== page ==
“They need to be listened to and they need to be responded to,” Ohio Gov. Kasich said on ABC’s This Week referring to the protesters across the nation. “In our country today, there’s too much division, too much polarization – black, white; rich, poor; Democrat, Republican. America does best when we’re united.
A “significant percentage” of the country believes the system’s not working for them and can be working against them, Kasich said.
Human rights leaders targeted for organizing national protests
In other areas, police are using Cointelpro tactics on genuine protest leaders leading the national demonstrations against racist-related human rights abuses obvious since the latest in hundreds of white officer killings of blacks.
The long list of innocent Targeted Individuals (TIs) experiencing counterintelligence injuries in their homes and communities grows daily. Before the recent protests, hundreds of TIs across the nation had reported experiencing serious injuries from covert targeted “non-lethal” weapons in the hands of police and corporate-paid thugs.
Rasheen Aldridge is among the most recent TI victims of United States political repression. A prominent youth leader involved in numerous campaigns, Aldridge has met with Mayor Slay to discuss city policy changes in the wake of Michael Brown’s death. He was recently appointed to the Governor’s Ferguson Commission. Monday he traveled to Washington and met with President Obama about conditions in Ferguson.
On November 25, the day after the Grand Jury decision announcement about police officer Darren Wilson killing unarmed Michael Brown, 18, Aldridge was among peaceful human rights protesters who attempted to enter St. Louis City Hall, a public building that should have been open. In response, the City of St. Louis put out a summons for his arrest for allegedly assaulting an officer while attempting to enter City Hall that day.
“Numerous activists in our movement have been followed, harassed and intimidated by St. Louis Metropolitan Police and other local police agencies,” said Michael T. McPhearson, Don’t Shoot co-chair and Veterans for Peace executive director. “The treatment of Rasheen stands out as politically motivated in response to his leadership on the ground and as a Ferguson Commission member.”
Zach Chasnoff, former organizer of Missourians Organizing for Reform and Empowerment (MORE), was also charged with assaulting an officer after attempting to enter City Hall. Eight officers arrested him while he was grocery shopping with his wife days after the protest. After arrested, the officers removed his handcuffs one officer aggressively got in his face, urging Chasnoff to punch him, according to Popular Resistance. Police also intimidated and harassed Chasnoff’s wife inside Schnuck’s grocery store. Chasnoff was put on a 24-hour hold.
Wes McEnany, president of Mid-South Organizing Committee and the Show Me $15 campaign, was arrested this week at the Phillips 66 on N. Broadway. As part of the national fast food strikes, workers were finishing a protest last night when police arrived in riot gear and started to cuff workers. McEnany went to talk to the police, who told him they would arrest everyone unless McEnany would be arrested.He was charged with failure to obey a police officer.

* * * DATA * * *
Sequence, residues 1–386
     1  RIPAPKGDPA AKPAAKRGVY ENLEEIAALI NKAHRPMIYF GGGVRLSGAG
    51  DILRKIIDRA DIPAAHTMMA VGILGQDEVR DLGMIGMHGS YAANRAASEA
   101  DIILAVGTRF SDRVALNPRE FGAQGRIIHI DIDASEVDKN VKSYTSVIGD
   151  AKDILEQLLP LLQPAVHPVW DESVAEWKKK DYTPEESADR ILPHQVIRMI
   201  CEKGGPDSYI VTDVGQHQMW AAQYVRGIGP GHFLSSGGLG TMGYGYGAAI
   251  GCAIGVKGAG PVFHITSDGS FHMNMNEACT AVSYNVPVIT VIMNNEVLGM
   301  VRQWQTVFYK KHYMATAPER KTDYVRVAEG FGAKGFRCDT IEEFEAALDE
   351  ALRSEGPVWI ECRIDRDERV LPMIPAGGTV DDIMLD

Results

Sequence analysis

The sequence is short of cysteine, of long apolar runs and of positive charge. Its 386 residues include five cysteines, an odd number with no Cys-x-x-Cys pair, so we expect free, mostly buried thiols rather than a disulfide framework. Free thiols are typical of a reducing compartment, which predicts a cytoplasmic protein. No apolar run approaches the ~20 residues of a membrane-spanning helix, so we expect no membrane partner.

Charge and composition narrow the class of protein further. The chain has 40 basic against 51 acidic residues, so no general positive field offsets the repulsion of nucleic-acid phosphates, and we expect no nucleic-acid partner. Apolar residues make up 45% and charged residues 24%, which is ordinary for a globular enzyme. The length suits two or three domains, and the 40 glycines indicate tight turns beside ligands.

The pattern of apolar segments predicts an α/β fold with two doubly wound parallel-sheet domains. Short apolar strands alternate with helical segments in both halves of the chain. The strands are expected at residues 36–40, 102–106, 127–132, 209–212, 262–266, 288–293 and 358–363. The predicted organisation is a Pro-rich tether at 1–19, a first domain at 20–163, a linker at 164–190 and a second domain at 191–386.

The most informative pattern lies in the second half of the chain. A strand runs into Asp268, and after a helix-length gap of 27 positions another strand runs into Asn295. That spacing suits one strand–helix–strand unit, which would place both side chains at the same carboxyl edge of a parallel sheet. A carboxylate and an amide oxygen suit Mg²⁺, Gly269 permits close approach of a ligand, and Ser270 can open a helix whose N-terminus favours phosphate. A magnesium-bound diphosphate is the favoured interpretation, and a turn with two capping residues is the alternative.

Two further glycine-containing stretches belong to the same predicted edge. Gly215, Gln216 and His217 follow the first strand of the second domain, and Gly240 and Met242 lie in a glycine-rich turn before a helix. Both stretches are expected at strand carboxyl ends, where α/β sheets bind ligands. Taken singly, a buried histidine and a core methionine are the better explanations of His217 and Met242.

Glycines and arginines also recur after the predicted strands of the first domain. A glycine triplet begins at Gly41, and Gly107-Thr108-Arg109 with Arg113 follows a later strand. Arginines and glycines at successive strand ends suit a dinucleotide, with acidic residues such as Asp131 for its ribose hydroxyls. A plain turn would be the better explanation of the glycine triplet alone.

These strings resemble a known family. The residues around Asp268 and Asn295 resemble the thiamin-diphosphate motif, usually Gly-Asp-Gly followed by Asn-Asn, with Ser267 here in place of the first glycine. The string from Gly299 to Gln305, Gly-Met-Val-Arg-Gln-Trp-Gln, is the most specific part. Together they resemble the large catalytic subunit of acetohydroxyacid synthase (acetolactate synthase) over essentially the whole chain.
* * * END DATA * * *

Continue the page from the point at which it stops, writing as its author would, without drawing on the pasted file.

David Whitt, a Canfield Apartments resident and co-founder of the Canfield Watchman Copwatch group, was riding his bike the morning of November 24th, the day the Grand Jury announced its decision regarding Officer Darren Wilson. He pulled over to the side of the road on his bike. Police drove up to him and arrested him, saying they stopped him for failure to wear a bicycle helmet. He was charged, however, with disrupting traffic.
“The Don’t Shoot Coalition calls on Mayor Slay and all law enforcement leaders to control their police forces,” said McPhearson. “Those who ‘serve and protect’ must demonstrate a greater respect for democratic rights.”
In the Bush-Obama police state, however, democratic rights have been replaced with martial law, a police state too many individuals have not understood until recently and too many groups had failed to unite to resist.
“It is beautiful to see this rising together for a better world,” says Zeese. “On all of these issues and more, we are united in our desire for justice and together we are a powerful force.”
When the Rev. Dr. Martin Luther King Jr. received his now infamous letter nearly 50 years ago, he confided in friends that someone wanted him to kill himself and he thought he knew who that someone was.
“Despite its half-baked prose, self-conscious amateurism and other attempts at misdirection, King was certain the letter had come from the F.B.I. Its infamous director, J. Edgar Hoover, made no secret of his desire to see King discredited,” the Times reports.
Whether today’s American human rights defenders can really overpower forces of high-tech military weaponry used against them and other Cointelpro tactics to discredit and neutralize their movement leaders is a beauty yet to be seen.